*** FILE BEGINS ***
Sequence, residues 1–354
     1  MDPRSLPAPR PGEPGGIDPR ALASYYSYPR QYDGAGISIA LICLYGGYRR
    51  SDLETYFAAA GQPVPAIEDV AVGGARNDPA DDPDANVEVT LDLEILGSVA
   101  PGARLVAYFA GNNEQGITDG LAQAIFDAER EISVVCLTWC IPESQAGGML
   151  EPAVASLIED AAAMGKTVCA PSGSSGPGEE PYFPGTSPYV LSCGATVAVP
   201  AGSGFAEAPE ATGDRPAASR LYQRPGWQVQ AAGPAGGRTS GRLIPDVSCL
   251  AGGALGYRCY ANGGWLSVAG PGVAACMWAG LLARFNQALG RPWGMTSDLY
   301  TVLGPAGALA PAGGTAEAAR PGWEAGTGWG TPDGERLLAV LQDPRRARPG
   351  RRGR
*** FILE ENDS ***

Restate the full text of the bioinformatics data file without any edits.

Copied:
Sequence, residues 1–354
     1  MDPRSLPAPR PGEPGGIDPR ALASYYSYPR QYDGAGISIA LICLYGGYRR
    51  SDLETYFAAA GQPVPAIEDV AVGGARNDPA DDPDANVEVT LDLEILGSVA
   101  PGARLVAYFA GNNEQGITDG LAQAIFDAER EISVVCLTWC IPESQAGGML
   151  EPAVASLIED AAAMGKTVCA PSGSSGPGEE PYFPGTSPYV LSCGATVAVP
   201  AGSGFAEAPE ATGDRPAASR LYQRPGWQVQ AAGPAGGRTS GRLIPDVSCL
   251  AGGALGYRCY ANGGWLSVAG PGVAACMWAG LLARFNQALG RPWGMTSDLY
   301  TVLGPAGALA PAGGTAEAAR PGWEAGTGWG TPDGERLLAV LQDPRRARPG
   351  RRGR